Kansas City, MO. April 9, 2013—Fiery passion and the warm, festive atmosphere of Mexico define an exhibition opening on June 1 at The Nelson-Atkins Museum of Art in Kansas City. Frida Kahlo, Diego Rivera and Masterpieces of Modern Mexico from the Jacques and Natasha Gelman Collection showcases more than 100 paintings, sculptures, photographs and drawings collected by the Gelmans in their adopted homeland of Mexico.
“When the Don Hall Initiative was created at the beginning of my tenure with the Nelson-Atkins, we hoped to bring exhibitions here that would reverberate in the community,” said the Mexico City-born Julián Zugazagoitia, CEO and Director. “The Gelman Collection has universal appeal but is so close to my personal history that we are thrilled to present these masterpieces to Kansas City.”
Jacques Gelman, a Russian-born film production mogul, and Natasha, his Czechoslovakian-born wife, became Mexican citizens in 1942 following the couple’s marriage in 1941. Over the next five decades, the Gelmans supported generations of internationally renowned Mexican artists. They established friendships with and collected art by such icons of Mexican modernism as Frida Kahlo, Diego Rivera, David Alfaro Siqueiros, Rufino Tamayo, and Gunther Gerzso, among others.
“This is a rich and deeply personal collection,” said Stephanie Knappe, Assistant Curator of American Art. “One can’t help but imagine what it must have been like to have Diego Rivera paint your portrait, or have three Gerzsos hanging above your sofa. Who hasn’t walked into a museum and played the game of ‘What would I take home to hang in my living room?’ The Gelmans didn’t have to play this game, and our visitors will experience firsthand how intimately the Gelmans lived with their art.”
The Gelman Collection is the realization of an intimate collaboration spanning more than 40 years; it was the predominant passion of Jacques and Natasha. The collection began in 1943 with Rivera’s portrait of Natasha Gelman and continued to grow even after Jacques’ death in 1986. The couple collected art without hesitation. They acquired the canvases of Kahlo and Rivera when there were only a handful of collectors in Mexico.
"Beyond sharing iconic paintings by Kahlo and Rivera, this exhibition celebrates the breadth of the Gelmans' collection and the richness and diversity of Mexican art,” said Knappe. “As the Gelmans continued to meet artists, their tastes changed and their collection grew. Abstract compositions joined the figurative paintings that hung on their walls. Their deeply felt passion for Mexican art prompted a desire that their collection continue to evolve and express the vitality of contemporary Mexican art long after they were no longer able to add it to their collection themselves."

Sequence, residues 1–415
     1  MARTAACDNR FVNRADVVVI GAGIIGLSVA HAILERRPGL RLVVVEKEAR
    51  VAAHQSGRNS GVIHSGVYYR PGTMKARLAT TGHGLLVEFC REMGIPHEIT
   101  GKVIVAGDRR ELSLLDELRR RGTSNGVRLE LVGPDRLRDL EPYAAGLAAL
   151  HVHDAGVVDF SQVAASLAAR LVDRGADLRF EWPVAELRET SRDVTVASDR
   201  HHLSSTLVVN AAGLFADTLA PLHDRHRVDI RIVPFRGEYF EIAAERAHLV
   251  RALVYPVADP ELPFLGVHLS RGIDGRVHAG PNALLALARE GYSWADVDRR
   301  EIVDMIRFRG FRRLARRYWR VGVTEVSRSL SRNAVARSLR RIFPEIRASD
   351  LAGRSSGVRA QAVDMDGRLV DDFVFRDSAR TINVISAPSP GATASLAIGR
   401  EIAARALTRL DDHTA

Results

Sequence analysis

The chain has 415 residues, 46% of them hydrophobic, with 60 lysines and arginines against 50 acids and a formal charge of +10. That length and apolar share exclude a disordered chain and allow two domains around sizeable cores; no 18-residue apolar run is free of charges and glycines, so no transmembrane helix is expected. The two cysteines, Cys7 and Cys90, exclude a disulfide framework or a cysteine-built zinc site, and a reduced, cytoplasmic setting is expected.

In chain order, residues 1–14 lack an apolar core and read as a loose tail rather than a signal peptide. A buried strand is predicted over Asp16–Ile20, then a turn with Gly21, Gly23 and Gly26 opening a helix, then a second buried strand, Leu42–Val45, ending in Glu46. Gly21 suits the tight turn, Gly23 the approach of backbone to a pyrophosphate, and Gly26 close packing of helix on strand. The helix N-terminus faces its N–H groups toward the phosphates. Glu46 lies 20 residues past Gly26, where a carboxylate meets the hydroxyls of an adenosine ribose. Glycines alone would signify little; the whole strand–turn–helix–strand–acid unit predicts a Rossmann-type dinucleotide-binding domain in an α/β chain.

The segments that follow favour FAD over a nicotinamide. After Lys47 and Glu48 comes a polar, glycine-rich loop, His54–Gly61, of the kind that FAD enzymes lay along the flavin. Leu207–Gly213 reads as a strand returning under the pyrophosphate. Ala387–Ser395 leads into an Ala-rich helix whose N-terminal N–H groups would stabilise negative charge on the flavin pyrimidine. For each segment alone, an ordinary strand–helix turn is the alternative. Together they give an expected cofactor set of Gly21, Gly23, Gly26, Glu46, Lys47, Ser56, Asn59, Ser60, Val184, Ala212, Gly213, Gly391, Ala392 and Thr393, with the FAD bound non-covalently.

Although their styles were radically different, Kahlo and Rivera were similarly captivated by painting’s potential to explore the human condition. Rivera painted massive murals depicting the heroic struggle of Mexican society forging its future; Kahlo explored the inner workings of her soul, which reflect the female condition today, in a series of self-portraits that revealed her tragic medical history and affirmed her Mexican identity.
“We are so grateful to the Mexican government, the Mexican Consulate and all the entities that came together to make this superb exhibition possible,” said Zugazagoitia. “They have made it possible for everyone in this region to celebrate this exhibition.”
The Gelman collection is, in and of itself, a work of art. It is also a work in progress. Owing to the enthusiasm they felt for Mexican art, the Gelmans desired that their collection be kept up to date. Works by significant contemporary artists such as Paula Santiago, Betsabeé Romero, Francis Alÿs and Gabriel Orozco have recently entered the Gelman collection. Thanks to the discerning eye of its president, Robert Littman, the collection continues to grow and evolve according to the forward-thinking couple’s wishes.
Frida Kahlo, Diego Rivera and Masterpieces of Modern Mexico from the Jacques and Natasha Gelman Collection runs through Aug. 18 at the Nelson-Atkins and showcases an exceptional private collection that not only highlights the rich and vibrant artistic traditions of the Mexico of yesterday, but underscores the inventiveness and vitality of Mexican art today.
The Nelson-Atkins Museum of Art
The Nelson-Atkins in Kansas City is recognized nationally and internationally as one of America’s finest art museums. The Nelson-Atkins serves the community by providing access and insight into its renowned collection of more than 33,500 art objects and is best known for its Asian art, European and American paintings, photography, modern sculpture, and new American Indian and Egyptian galleries. Housing a major art research library and the Ford Learning Center, the Museum is a key educational resource for the region. The institution-wide transformation of the Nelson-Atkins has included the 165,000-square-foot Bloch Building expansion and renovation of the original 1933 Nelson-Atkins Building.
The Nelson-Atkins is located at 45th and Oak Streets, Kansas City, MO. Hours are Wednesday, 10 a.m.-4 p.m.; Thursday/Friday, 10 a.m.-9 p.m.; Saturday, 10 a.m.-5 p.m.; Sunday, Noon-5 p.m. Admission to the museum is free to everyone. For museum information, phone 816.751.1ART (1278) or visit nelson-atkins.org.